Overtourism is Bad. But Tourism Helped Save Italy's Cinque Terre.
Not everything about tourism is terrible.
Lots of people say that overtourism has ruined Italy’s Cinque Terre — that famous chain of five charming little villages along the Italian Riviera.
And the area definitely gets a ton of tourists. We just spent the month of October exploring the Cinque Terre in what is supposed to be the shoulder season. And more than once, Brent and I looked at the crowds and said to each other, “What the hell must this place be like in July?”
By all accounts, it’s awful, especially when the cruise ships land in nearby La Spezia. The Cinque Terre now sees 2.5 million tourists a year. Disneyland, one of the most popular tourist destinations in the world, gets 8.5 million annual visitors, but that’s a huge amusement park, not a series of tiny villages clinging to a rocky coastline.
A lot of people complain about the crowds, saying that tourism has ruined the Cinque Terre. There’s an idea that without tourism, the Cinque Terre would be just as vibrant and beautiful, except with many fewer people.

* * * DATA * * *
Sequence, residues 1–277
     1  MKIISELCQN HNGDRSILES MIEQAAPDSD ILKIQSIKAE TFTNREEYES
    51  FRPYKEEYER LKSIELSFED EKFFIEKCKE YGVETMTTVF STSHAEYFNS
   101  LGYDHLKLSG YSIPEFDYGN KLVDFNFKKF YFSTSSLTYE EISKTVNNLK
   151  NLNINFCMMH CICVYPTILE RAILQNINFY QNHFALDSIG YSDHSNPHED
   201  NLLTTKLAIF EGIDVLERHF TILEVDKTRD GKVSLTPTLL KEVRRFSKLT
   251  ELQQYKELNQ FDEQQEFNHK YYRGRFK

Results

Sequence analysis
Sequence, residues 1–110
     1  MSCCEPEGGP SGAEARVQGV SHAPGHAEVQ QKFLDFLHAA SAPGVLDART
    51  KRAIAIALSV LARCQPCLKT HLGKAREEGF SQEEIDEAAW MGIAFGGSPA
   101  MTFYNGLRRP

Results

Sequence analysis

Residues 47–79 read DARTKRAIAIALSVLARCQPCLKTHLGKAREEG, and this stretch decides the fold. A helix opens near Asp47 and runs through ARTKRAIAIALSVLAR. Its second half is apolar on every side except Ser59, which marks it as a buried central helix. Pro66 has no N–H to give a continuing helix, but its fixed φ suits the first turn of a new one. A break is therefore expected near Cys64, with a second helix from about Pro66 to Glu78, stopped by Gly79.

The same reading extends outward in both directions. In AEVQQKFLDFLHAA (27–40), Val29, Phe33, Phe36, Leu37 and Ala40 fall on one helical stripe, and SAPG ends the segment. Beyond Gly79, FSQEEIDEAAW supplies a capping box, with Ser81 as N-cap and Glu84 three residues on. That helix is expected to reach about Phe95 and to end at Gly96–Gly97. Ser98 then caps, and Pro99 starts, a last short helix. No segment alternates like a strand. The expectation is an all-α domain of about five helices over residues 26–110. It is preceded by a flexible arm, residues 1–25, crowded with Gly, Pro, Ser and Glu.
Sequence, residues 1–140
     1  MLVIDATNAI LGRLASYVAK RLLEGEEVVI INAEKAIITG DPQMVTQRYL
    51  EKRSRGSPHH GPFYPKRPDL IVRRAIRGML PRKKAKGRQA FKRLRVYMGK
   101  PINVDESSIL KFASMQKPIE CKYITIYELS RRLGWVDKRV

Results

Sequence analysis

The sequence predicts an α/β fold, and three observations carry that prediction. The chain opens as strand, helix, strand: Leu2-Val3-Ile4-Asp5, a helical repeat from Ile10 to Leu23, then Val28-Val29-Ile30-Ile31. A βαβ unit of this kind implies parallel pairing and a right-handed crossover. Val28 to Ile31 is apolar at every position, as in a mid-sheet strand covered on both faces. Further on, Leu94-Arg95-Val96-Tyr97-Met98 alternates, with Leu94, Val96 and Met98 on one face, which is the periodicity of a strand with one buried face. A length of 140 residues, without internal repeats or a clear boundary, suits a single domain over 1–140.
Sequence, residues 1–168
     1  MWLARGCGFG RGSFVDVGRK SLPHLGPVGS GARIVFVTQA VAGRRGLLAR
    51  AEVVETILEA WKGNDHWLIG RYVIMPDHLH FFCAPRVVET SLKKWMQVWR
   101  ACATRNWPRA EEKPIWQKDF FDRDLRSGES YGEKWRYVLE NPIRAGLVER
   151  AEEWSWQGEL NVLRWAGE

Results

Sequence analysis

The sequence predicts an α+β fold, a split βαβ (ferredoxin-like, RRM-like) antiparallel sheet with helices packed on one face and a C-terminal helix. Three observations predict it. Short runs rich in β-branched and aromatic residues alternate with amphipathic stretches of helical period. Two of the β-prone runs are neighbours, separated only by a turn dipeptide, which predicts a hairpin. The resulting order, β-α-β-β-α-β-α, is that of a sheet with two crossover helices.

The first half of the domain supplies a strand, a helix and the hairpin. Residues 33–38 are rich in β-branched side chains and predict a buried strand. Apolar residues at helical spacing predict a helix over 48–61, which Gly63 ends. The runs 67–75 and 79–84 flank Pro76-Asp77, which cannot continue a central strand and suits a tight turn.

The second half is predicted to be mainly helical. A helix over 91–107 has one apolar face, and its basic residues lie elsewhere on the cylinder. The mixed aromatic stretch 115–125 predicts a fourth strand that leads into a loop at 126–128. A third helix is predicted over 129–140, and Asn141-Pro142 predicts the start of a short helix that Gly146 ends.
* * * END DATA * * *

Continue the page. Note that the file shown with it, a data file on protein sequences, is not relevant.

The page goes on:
And that’s almost certainly not true.
The truth is, before the arrival of tourism, the Cinque Terre was in pretty bad shape.
Life in this corner of the world has never been easy.
The area has been occupied since the Bronze Age, but after the fall of Rome, pirates terrorized the waters off-shore, and the locals retreated up into the rocky mountains. Thanks to those pirates, the residents didn’t even dare to harvest much seafood.
By the 10th century, the military might of nearby Genoa had begun to tame the pirates, and the people finally felt safe enough to settle down along the water’s edge. This is when the villages of the Cinque Terre first arose.
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